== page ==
The Meon Valley trail is the perfect introduction to the South Downs National Park, as it links to well established trails within the park, including the South Downs Way National Trail. Highlights of the walk include the gorgeous and glittering River Meon, plus captivating countryside views from the top of Hyden Hill.

5. Black Down ‘Temple of the Winds’ walk

Explore the South Downs beautiful woodland and heathland on this walk. This walk takes you through The Temple of the Winds, named after a Bronze Age circular bank. Here you’ll find one of the best views of the South Downs National Park. This discreet spot has an air of mystery and secretive feel to it, with a charming curved stone stead to rest on and take in the views!

 

Delve into the History of the South Downs

The South Downs are steeped in history, home to prehistoric burial mounds, Iron Age hillforts and registered battlefields.

Three exciting historical spots to visit in the South Downs

1. Marvel at the magnificence of the Seven Sisters

The Seven Sisters are a series of impressive chalk sea cliffs on the English Channel Coast. Admired by many, these brilliant white cliffs are an incredible geological phenomenon. The chalk was formed under ancient sea that existed between 65 and 100 million years ago, when dinosaurs were still roaming the planet! The Seven Sisters have also been featured in some iconic movies, including Harry Potter and Robin Hood: Prince of Thieves.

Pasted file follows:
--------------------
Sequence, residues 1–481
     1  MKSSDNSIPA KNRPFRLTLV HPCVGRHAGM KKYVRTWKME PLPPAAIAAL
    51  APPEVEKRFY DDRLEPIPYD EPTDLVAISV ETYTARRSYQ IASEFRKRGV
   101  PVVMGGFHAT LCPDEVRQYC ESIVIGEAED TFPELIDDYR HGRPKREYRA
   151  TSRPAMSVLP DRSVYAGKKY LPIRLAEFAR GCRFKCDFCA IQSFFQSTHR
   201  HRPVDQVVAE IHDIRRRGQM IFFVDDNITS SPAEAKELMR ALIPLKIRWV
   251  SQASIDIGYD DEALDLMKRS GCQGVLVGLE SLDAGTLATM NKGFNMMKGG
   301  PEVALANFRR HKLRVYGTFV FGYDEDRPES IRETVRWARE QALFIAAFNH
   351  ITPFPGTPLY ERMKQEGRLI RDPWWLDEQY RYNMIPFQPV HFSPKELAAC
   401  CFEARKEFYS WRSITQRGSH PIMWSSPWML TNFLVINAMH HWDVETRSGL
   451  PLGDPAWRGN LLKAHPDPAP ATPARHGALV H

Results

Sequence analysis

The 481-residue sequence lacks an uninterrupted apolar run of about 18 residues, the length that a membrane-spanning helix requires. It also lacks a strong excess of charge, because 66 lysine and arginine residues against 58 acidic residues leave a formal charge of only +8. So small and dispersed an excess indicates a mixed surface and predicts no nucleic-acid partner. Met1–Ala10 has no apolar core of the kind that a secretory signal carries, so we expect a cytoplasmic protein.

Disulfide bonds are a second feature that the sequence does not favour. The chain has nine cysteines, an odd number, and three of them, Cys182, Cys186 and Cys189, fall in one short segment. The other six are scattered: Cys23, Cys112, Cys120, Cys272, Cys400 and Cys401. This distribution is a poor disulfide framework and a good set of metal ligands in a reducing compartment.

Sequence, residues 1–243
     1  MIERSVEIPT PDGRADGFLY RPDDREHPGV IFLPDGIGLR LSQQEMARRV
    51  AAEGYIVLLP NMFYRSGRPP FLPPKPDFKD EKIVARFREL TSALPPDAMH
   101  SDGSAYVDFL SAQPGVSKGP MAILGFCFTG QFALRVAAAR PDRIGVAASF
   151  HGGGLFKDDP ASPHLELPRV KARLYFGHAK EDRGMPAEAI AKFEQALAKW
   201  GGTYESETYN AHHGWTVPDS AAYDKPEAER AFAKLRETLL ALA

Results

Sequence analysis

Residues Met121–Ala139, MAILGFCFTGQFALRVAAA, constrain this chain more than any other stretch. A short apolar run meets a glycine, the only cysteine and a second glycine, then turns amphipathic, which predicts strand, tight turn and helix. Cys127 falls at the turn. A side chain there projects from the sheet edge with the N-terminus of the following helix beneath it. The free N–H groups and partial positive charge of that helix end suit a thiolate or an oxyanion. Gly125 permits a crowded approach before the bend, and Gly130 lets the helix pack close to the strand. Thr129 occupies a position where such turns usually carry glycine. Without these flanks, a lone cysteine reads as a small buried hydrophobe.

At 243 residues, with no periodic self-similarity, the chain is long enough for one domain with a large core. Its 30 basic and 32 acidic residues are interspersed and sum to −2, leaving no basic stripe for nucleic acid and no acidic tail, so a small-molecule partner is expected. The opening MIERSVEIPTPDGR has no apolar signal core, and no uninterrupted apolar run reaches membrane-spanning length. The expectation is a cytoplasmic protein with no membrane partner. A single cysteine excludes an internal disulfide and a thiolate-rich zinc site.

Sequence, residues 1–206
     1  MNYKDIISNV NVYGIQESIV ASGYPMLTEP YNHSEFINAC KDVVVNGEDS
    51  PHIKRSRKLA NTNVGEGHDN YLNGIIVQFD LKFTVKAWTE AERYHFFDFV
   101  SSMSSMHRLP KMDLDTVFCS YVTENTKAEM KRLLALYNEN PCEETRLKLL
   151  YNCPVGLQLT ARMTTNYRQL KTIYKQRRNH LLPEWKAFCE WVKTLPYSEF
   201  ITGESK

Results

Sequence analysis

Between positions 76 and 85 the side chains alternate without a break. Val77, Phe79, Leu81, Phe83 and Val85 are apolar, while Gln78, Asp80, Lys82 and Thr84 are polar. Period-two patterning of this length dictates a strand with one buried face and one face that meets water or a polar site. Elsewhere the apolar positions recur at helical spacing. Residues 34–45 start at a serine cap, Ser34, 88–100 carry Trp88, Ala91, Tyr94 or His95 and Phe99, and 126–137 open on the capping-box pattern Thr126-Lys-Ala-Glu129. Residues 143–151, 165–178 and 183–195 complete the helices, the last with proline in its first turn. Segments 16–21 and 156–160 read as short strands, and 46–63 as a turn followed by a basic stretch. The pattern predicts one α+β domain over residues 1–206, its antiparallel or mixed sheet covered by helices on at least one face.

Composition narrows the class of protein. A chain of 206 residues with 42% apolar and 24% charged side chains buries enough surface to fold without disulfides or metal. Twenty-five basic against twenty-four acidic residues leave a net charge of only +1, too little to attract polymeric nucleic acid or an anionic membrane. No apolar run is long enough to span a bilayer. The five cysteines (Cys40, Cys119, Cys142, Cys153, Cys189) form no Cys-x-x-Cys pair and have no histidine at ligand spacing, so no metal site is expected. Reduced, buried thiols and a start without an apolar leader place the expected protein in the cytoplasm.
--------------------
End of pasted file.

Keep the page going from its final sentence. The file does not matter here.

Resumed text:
2. Discover remains of the Iron Age hill forts of Cissbury ring

Cissbury Ring is an iconic landmark on the South Downs, treasured for its history, beauty and glorious views. Cissbury was constructed in 400BC, originally acting as a defence fort in the iron age. Since then, Cissbury has provided multiple use over time, being used as settlement in the Roman period and later in the Tudor times forming part of an early warning system of beacons that ran the length of the south coast. In the war, the North Slope of Cissbury Hill was used in military exercises in preparation for the invasion of Europe. Today, Cissbury Ring has a much more peaceful existence, where people can walk and appreciate the beautiful countryside views.